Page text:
Arthur Seen as Category 2 Storm Boosting Threats to Coast

Photographer: Alexander Gerst via EPA
A picture released via ESA astronaut Alexander Gerst's twitter account shows tropical storm 'Arthur' off the East coast of the USA, as seen from the International Space Station (ISS), on July 3, 2014.

Hurricane Arthur is forecast to reach Category 2 strength as it nears North Carolina’s Outer Banks, forcing some residents and July Fourth vacationers to evacuate ahead of the Atlantic’s first storm of 2014.

Arthur was 35 miles (56 kilometers) east of Cape Fear, North Carolina, at 7 p.m. local time with top winds of 90 miles per hour, according to the National Hurricane Center. It’s expected to cross or brush the coast as a Category 2 system and its winds may peak at 100 mph, the center said.

“Arthur is going to cause problems tonight along the Carolina coastline and by tomorrow morning it’s going to be close to Cape Hatteras,” said Tom Kines, a meteorologist at AccuWeather Inc. in State College, Pennsylvania. “Once it moves away from Cape Hatteras, the effect of the hurricane on the U.S. will be minimal.”

The system is forecast to block a cold front coming across from the west, touching off thunderstorms, gusting winds and possibly hail along the East Coast and threatening Fourth of July holiday celebrations for cities including New York, Boston and Washington.

The chances of rain for New York will drop after about 3 p.m. tomorrow, said Lauren Nash, a meteorologist with the National Weather Service in Upton, New York. Macy’s annual fireworks display is scheduled for 9 p.m.

Source: NOAA via Getty Images

In this handout provided by the National Oceanic and Atmospheric Administration (NOAA) from the GOES-East satellite, Tropical Storm Arthur travels up the east coast of the United States in the Atlantic Ocean pictured at 19:45 UTC/GMT on July 2, 2014. Close

In this handout provided by the National Oceanic and Atmospheric Administration (NOAA)... Read More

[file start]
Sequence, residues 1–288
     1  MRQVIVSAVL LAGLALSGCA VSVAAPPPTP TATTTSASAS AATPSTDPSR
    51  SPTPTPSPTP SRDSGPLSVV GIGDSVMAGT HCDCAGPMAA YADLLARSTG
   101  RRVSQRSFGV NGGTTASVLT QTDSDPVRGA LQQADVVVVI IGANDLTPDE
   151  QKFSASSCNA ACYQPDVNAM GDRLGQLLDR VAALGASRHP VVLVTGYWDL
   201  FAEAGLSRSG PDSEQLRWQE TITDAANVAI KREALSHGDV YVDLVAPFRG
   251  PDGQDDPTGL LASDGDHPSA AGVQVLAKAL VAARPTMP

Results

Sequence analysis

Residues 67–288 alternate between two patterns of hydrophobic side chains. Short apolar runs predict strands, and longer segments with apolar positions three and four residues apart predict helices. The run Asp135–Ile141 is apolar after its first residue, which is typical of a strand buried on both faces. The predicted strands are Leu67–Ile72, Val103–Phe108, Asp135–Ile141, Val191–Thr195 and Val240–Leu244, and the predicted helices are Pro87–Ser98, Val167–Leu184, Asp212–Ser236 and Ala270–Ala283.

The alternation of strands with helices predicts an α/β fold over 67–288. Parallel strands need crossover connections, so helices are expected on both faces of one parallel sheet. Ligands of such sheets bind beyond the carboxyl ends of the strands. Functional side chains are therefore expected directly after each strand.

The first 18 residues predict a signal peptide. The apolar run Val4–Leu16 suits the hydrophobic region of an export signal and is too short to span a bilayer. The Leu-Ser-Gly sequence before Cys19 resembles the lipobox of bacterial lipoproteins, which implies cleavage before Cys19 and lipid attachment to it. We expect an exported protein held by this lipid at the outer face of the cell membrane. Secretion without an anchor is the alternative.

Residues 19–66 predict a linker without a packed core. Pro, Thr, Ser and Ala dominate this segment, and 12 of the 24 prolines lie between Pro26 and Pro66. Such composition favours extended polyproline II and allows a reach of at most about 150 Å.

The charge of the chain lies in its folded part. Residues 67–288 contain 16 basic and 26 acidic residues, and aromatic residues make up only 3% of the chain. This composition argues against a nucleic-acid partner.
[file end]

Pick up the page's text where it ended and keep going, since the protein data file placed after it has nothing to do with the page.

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Source: NOAA via Getty Images

In this handout provided by the National Oceanic and Atmospheric Administration (NOAA) from the GOES-East satellite, Tropical Storm Arthur travels up the east coast of the United States in the Atlantic Ocean pictured at 19:45 UTC/GMT on July 2, 2014.

NYC Rain

“It is going to clear out west to east,” Nash said. “There is a pretty good chance the rain will be over by 6 to 8 p.m. but I cannot say the clouds will clear out behind it that quickly.”

In Boston, the clash of air masses will bring heavy rain that may cause some urban flooding and hail, said William Babcock, an agency meteorologist in Taunton, Massachusetts.

The city’s annual concert by the Boston Pops and fireworks show was moved up to tonight. Orlando Veras, media relations director for Macy’s, said a decision on that show would be based on “current on-the-scene data.” It has taken place in the rain before, he said.

More than 51.8 million people are in the path of the storms, said the U.S. Storm Prediction Center in Norman, Oklahoma. Severe thunderstorm and flash flood watches stretch from Maine to Virginia, while hurricane and tropical storm warnings cover the coastline from Virginia to South Carolina. Offshore maritime storm warnings reach from Maine to Florida.

Thunderstorms today prompted the Federal Aviation Administration to delay flights headed into Newark’s Liberty International Airport and New York’s John F. Kennedy and LaGuardia airports.

Photographer: Mark Wilson/Getty Images

A family breaks down their campsite at the KOA Campground to comply with the mandatory evacuation orders for Hatteras Island, in Rodanthe, North Carolina on July 3, 2014 . Close

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Photographer: Mark Wilson/Getty Images

A family breaks down their campsite at the KOA Campground to comply with the mandatory evacuation orders for Hatteras Island, in Rodanthe, North Carolina on July 3, 2014 .

Last Landfall

If Arthur makes landfall in North Carolina, it would be the first hurricane to hit the U.S. since 2012.